Washington, D.C. (JFK+50) Eighty years ago today, February 5, 1937, President Franklin D. Roosevelt announced proposals to Congress known as the Judicial Procedures Reform Bill.
The plan would have allowed the President of the United States to appoint one new, younger judge for each federal judge with 10 years of service who did not retire or resign within 6 months after reaching the age of 70. The President, however, would be limited to appointing no more than 6 Supreme Court Judges and no more than 2 to any lower federal court. The Court itself could be increased from 9 to 15 justices.
FDR's proposals followed invalidation of some New Deal legislation by the High Court. In January 1935, the Court had struck down a provision of the National Industrial Recovery Act (NIRA) by a 8-1 vote. That was followed by the invalidation of the Railroad Retirement Act and three additional anti-New Deal rulings on May 27, 1935.
The President turned to his legal team, described by Richard G. Menaker as being "among the most constitutionally savvy lawyers in the administration."
And characteristically, FDR addressed the American people directly on the issue. In his Fireside Chat of March 9, 1937 FDR said that the Supreme Court was...
"reading into the Constitution words and implications which are not there, and which were never there."
and called for
"action to save the Constitution from the Court and the Court from itself."
Despite FDR's popularity and landslide re-election in 1936, Gallup polls showed 46% of Americans were opposed to FDR's "court-packing plan."
The President was particularly upset with conservative Supreme Court justices who consistently voted against government regulation. Known as the "Four Horsemen," they included Justices Butler, McReynolds, Sutherland and Van Devanter. Chief Justice Charles Evans Hughes, although also a conservative, was more open to government regulation.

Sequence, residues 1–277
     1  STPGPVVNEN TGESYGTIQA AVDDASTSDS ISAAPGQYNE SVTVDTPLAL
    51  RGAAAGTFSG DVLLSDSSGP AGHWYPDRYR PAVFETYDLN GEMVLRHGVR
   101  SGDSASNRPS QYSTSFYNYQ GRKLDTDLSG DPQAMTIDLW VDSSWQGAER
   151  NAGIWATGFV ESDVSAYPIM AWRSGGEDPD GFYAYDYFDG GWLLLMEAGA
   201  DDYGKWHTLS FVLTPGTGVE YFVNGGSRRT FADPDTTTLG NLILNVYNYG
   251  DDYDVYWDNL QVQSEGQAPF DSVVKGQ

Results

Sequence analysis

FDR's proposals quickly bogged down in the Senate Judiciary Committee, but on March 29th the Supreme Court reversed direction and supported New Deal legislation in 3 separate cases.
Despite this turn-around by the Court, on June 14th the Judiciary Committee called FDR's plan "a needless, futile and utterly dangerous abandonment of constitutional principles...without precedent or justification."
On July 22nd, the United States Senate voted 70-20 to send FDR's proposals back to committee where it was revised to exclude the provisions pertaining to the replacement of federal judges or justices. The revised bill passed Congress and was signed by the President on August 26, 1937.
In concluding what Richard G. Menaker calls "one of the stranger chapters in constitutional history," FDR was left with a humiliating defeat, but Chief Justice William Rehnquist argues the President...
"won the war for control of the Supreme Court...by serving (as POTUS) for more than 12 years (and) appointing 8 of the 9 justices" of the High Court.
"FDR's Court-Packing Plan: A Study in Irony," by Richard G. Menaker, The Gilder Lehrman Institute of American History, www.gilderlehrman.org/
"Judicial Procedures Reform Bill of 1937," en.wikipedia.org/
United States Supreme Court (1932-1937)